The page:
If these policies are implemented as planned, he expects the Korean economy to grow 5 percent this year and 4 percent next year.
Although high oil prices fluctuating around $67 US dollars per barrel in Dubai terms are adding instability and causing concern, its impact on growth is expected not to be major.
Even if the oil price hits the pessimistic forecast of $75 US dollars per barrel this year, its impact on the annual growth is projected to be limited, lowering growth by a mere 0.1 percentage point for the year.
From a mid to long term view, the DPM said he believes that expansion of growth potential and sustenance of growth momentum are the two highest priorities. What should precede them is sufficient job creation by encouraging more investment by business and opening by such as the Korea-US (KORUS) FTA.
As he has emphasized from the very first day in office, they will do their best to substantially improve the business environment to support and boost entrepreneurship. This also is one of the policy tasks of the Participatory Government.
"Our basic policy framework is aimed at creating an advanced business environment in line with the change in industrial structure and the technological development stage,"Kwon said.
Within this framework, they have already launched a pan-governmental task force encompassing a diversity of areas, including land, finance, human capital, environment and administration, and develop improvement measures for each of these areas. They expect the first progress report to be available by the end of September.
Currently, the company types recognized in Korea are confined to four. They are unlimited partnership, limited, private limited and stock companies.
However, it is their view that more diversified forms of companies should be allowed to better cope with the changing global business environment.
Other company types, already in operation in advanced countries, such as limited partnership and limited liability company, should be given due consideration.
On the business operation side, they will remove barriers to the development of financial markets and technology. As part of this effort, they are pressing ahead with the enactment of 'Financial Investment Services and Capital Market Act,' soon to be billed.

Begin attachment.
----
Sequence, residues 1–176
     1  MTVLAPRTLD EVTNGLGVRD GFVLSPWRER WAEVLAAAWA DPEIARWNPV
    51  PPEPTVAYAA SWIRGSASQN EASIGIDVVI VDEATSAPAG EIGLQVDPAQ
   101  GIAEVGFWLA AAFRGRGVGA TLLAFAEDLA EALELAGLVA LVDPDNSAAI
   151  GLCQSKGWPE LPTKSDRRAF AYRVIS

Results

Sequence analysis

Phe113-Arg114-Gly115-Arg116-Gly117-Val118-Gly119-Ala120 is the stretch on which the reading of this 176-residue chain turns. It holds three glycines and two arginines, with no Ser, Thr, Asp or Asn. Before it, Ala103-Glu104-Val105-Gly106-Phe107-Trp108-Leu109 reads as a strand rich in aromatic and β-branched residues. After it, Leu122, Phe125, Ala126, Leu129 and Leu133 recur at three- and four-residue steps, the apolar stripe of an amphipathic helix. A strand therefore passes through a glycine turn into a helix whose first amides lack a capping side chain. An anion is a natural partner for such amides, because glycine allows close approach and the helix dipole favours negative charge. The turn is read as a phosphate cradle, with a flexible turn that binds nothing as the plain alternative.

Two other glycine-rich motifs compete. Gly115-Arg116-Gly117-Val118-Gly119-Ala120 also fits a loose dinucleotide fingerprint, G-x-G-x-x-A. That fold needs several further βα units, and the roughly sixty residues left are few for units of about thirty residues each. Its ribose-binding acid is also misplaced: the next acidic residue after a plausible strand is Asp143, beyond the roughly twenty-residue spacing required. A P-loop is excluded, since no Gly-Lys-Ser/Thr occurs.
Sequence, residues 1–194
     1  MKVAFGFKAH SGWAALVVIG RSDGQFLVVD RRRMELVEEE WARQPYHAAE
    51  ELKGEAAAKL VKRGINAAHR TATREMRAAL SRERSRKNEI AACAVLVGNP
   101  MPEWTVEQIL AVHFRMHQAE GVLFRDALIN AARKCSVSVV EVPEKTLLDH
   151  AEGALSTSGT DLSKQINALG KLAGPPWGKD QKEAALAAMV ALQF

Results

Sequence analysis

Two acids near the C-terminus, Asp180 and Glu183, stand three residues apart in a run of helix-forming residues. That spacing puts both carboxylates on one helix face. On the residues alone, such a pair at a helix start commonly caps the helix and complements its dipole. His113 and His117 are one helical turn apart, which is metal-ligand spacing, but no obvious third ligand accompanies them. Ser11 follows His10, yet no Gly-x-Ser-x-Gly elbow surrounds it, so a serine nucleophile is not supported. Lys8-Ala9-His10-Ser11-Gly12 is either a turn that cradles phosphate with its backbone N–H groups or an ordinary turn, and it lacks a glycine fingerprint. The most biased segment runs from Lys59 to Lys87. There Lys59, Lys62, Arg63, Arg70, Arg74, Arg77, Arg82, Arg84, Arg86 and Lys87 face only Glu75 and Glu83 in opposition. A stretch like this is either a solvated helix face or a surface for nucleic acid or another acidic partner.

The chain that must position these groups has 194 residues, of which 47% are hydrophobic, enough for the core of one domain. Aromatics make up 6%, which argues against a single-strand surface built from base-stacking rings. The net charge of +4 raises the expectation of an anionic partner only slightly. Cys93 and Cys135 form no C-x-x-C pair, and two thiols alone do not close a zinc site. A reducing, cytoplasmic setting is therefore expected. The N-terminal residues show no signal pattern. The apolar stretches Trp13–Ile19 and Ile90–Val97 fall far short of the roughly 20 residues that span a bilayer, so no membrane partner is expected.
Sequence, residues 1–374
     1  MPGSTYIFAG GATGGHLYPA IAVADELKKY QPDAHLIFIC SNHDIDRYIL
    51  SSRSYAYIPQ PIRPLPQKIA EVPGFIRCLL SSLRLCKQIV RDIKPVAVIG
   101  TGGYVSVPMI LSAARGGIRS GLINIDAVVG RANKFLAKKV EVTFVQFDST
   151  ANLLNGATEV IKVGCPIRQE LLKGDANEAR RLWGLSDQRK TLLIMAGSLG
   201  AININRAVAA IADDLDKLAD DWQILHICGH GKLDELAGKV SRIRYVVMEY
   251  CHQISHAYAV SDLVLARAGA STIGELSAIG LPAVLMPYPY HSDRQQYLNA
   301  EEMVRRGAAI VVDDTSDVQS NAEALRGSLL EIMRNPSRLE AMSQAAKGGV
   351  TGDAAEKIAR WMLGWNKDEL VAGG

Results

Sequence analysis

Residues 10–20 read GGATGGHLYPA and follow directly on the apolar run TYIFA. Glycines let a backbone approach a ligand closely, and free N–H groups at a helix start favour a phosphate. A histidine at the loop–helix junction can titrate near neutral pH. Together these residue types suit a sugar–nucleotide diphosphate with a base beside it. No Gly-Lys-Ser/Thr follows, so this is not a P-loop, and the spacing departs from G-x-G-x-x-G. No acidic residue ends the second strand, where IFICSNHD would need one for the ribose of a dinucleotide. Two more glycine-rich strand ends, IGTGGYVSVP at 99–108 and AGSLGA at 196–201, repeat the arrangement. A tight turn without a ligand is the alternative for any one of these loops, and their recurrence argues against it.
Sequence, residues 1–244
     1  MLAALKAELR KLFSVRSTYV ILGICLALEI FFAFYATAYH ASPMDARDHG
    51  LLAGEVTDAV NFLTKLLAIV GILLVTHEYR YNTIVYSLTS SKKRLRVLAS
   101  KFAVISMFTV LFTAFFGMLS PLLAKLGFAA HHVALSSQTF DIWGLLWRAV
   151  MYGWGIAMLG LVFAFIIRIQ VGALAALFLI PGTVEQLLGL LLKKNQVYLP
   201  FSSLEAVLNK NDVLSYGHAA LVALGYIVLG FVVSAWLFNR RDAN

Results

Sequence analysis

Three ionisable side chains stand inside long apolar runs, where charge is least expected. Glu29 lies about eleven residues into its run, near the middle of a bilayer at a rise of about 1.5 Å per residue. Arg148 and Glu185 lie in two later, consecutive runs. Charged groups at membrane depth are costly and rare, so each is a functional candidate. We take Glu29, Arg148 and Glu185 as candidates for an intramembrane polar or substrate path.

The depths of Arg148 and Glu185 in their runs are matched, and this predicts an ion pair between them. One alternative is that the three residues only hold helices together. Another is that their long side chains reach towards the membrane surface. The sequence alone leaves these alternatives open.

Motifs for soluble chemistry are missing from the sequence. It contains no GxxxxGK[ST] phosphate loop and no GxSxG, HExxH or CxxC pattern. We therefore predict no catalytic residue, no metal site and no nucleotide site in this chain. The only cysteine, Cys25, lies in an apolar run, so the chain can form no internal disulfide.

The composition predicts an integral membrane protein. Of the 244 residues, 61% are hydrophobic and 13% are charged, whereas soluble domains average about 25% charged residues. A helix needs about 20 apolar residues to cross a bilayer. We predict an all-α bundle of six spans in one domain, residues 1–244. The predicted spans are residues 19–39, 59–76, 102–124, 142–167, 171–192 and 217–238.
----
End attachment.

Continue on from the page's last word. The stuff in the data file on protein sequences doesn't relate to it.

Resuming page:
The equity investment limit system will also be re-visited for improvements. By allowing exceptions to the system and encouraging investments, unintended side effects of the system will be curtailed.
Constant upgrading of corporate governance is also an important task to deal with. Corporate checks and balances in and outside will be strengthened, along with corporate transparency.
It is his firm conviction that they must not miss out the opportunity to ride on the irreversible wave of opening and globalization while upgrading the competitiveness of our entire economic system.
To this end, they will make the best use of opening measures, including the KORUS FTA, as much as possible, while inducing reform and innovation of the internal systems.
Such policy need is even stronger in light of the rapid population aging and low fertility trend in Korea.
Added to it, the government will base the Vision 2030 announced on August 30th in building a broad-based national consensus. They will formulate a forward-looking long-term national development strategy thereon.
The year 2020 will mark a milestone in contemplating a new paradigm for the Korean economy. Around 2020, Korea's population is projected to start reducing and a substantial number of the first baby-boomer generation will have retired by then. This will inevitably dwindle the national savings rate.
Against this backdrop, the Vision 2030 is a policy exercise of designing a new paradigm of the Korean economy looking 10 years ahead after 2020, by identifying and mapping out institutional reform tasks in advance.
The Vision 2030 is also a shared growth strategy balancing growth and welfare. It is their target to reach, in 15 years' time horizon, the welfare level of some OECD peers, particularly USA and Japan, who are ranked a few notches higher than Korea in public social expenditure as percentage of GDP.
He believes this is a very reasonable measure to upgrade their welfare on par with advanced countries, while keeping our growth potential intact. nw
Deputy Prime Minister and Finance-Economy Minister Kwon O-kyu
DPM Kwon shakes hands with his Chinese counterpart at the 6th Korea-China Economic Meeting on Aug. 28 in Seoul.